Tribute to Bishop Shirley Pitts

Bishop Shirley Pitts with some of her Queen Daughters of the Candace Queens of Ethiopia Order. They are from left, Deborah Clark, Queen India, Victoria Richardson, and Queen Imani.

Talk about Divine Order! We (family, friends and associates) are about to embark upon a piece of “history” which I believe was not only destined but with which I always wanted to be associated. A person whom I have come to love, respect and admire. A woman of substance – Candace Queen Mother Abbess of the Ethiopian Orthodox Church and a Bishop of Faith Restoration, Inc., Bishop Shirley Ann Pitts. This colorful woman and I met through one of my spiritually adopted Sisters, Dr. Daphne Sapphire June Anderson, a British Trinidadian Herbalist (now deceased) and therefore our story began.

She wears many hats, literally speaking (as a Bishop). Ms. Shirley Pitts arrived in the USA on January 14, 1963 from her homeland, Belize City in Central America. Like so many, she had a vision for herself and her country and to explore how Cable Television could be introduced to Belize (which up to that time had no television). Her fascinating journey over the years began with the “Belizean Girl International Cable TV.” This program launched the careers of many well-known Artistes. In 2015, Bishop Pitts celebrates 52 years in Harlem.

Back in Belize, Ms. Pitts came from a religious background. Her parents, the late Mr and Mrs Vallon P.L. Pitts (Father a constable and Mother a Community Activist in Politics) were Methodist Christians. During her formative years the young Ms. Pitts, a teenager, (the eldest of seven siblings), along with her mother, assisted Mr. Phillip Goldson in the District of Cayo. Both parents were members of the National Independent Party (NIP), later the United Democratic Party (UDP).

Young Shirley also worked alongside Ms. Rosita Williams to organize the UDP which is the current government of Belize under Mr. Dean Barrow. Belize City is divided into six Districts and Shirley’s father, being a police officer, wanted the best for his family and requested that he be transferred to live in more upscale places. There were many families who lived in rural areas, where there was no electricity and they used lamps etc. there were water snakes and all types of animals and they had to go up and down the river with a prayer. Through her life style, Shirley was better positioned to influence the less-privileged to strive for a better future along with her mother, a commandant in the Red Cross, Ma Pitts (Senior) as she was famously known, was the founder of the Ma Pitts Marching Band. She founded an after school program which provided the children with food and drinks and welcomed them to her residence as a second home.

After her mother’s passing, Ms. Pitts continued to return to Belize to support the Ma Pitts Marching Band and the children. There are two main events in which she participates. The first on Sept. 10, known as National Independence Day of Belize and the second on Sept. 21, the celebration of Independence Day. Ms. Pitts returns to her homeland to provide all the clothing and accessories for the children during the two-day celebration.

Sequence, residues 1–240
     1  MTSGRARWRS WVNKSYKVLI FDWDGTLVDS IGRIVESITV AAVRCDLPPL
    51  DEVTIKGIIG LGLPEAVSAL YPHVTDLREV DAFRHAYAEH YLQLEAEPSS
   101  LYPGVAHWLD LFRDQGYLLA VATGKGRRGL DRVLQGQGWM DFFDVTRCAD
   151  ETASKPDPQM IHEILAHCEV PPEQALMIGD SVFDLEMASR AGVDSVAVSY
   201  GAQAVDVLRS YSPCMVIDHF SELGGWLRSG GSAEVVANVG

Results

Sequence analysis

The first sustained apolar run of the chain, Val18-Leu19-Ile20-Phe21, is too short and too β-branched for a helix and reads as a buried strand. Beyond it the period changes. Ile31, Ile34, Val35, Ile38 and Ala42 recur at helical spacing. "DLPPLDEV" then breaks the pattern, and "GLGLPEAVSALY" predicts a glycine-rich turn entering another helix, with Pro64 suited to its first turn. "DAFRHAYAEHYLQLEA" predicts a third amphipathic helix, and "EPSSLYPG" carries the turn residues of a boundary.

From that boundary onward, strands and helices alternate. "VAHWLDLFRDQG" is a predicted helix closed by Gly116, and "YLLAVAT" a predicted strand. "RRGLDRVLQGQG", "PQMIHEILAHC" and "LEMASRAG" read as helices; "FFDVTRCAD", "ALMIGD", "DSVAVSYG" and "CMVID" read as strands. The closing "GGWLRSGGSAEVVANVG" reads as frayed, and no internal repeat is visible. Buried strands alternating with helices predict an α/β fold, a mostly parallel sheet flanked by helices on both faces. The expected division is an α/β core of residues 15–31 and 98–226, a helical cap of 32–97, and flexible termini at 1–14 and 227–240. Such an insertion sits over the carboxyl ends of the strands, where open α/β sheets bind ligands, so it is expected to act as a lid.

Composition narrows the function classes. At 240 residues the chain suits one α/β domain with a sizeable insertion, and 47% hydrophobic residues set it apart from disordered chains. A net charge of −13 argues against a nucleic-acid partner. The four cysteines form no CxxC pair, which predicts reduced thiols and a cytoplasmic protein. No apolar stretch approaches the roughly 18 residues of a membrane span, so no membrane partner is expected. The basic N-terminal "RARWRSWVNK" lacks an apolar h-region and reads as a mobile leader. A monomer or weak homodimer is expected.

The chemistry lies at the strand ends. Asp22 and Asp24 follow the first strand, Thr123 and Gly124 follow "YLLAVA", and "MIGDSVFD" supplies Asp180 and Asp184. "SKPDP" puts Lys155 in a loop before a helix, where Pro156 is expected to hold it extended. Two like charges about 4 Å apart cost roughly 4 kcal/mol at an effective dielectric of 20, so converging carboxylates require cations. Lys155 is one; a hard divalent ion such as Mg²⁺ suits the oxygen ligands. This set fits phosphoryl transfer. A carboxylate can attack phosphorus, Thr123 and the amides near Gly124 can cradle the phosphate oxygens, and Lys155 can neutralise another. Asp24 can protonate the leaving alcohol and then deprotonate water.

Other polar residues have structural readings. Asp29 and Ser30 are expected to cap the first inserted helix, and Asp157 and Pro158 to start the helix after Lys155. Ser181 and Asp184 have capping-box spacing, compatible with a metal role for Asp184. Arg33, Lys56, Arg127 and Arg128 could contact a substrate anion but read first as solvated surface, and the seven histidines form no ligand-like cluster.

Because of her strong desire for television, the arts, entertainment, etc., Bishop Pitts met Sister Alma Nomsa John in January 1963. Sister Alma was an RN at Harlem Hospital and invited Ms. Pitts to her Radio Program (WWRL) as a hostess. Bishop Pitts did not have the requirements needed to work, so she performed the simple tasks as a self-employed research analyst under her mentor, Ms. John. She quoted Ms. John – “If you know, you will teach; if you don’t know, you will learn. Each one will teach one and each one will reach one,” which she continues to apply to her life to this present time. To be a good teacher, one has to be first a good student. During these formidable years, Ms. Pitts continued to live out her dream in the United States, by attending the Alma John Talent Workshop every Saturday in the Sacs 5th Avenue Store in Harlem, where students from around the world gathered to learn and advance their creative interests.

Her dream of being a midwife back in Mango Creek with her aunt an RN, Ms. Vilma Pitts, was now long behind her. She was introduced to a Jewish doctor, Dr. Bertram Sciffer and given an opportunity to care for twin girls. This act spring-boarded her into the field of Home Health Care Companionship and caring for children. She is a mother of four, grandmother of 12 and a great grandmother of many. She has been instrumental in the lives of many of her relatives, friends, associates and Queen Daughters, like myself.

Bishop Pitts graduated from the John Roberts High School of Modelling in 1973. She was given the rare opportunity to perform at Fashion Shows on Broadway and 175th Street at the Rev. Ike Ministries. She holds the reign of being one of the original Praise Dancers selected by Rev. Ike at Reverent and Mrs. Ike’s Ministries in the 1970s. In 1973, a Belizean Girl International Cable TV received its own airtime for one hour. She co-hosted with Alma John, Black Pride (WPIX – Channel 11) as a student/studio hostess, where she was involved in pinning tags on the lapels of the rich and famous people, like Cassius Clay (Mohammed Ali). During these programs of highlighting people of color in the community, Sister Alma John, also known as a Goodwill Ambassador, brought Bishop Pitts into the United Nations. She also went on to practice Opera with Madam Desimore (a relative of Mario Lanza), did tap dancing with Phil Black Dancing Studio and co-hosted the Laverne Powell Variety Show on WHBI Radio.

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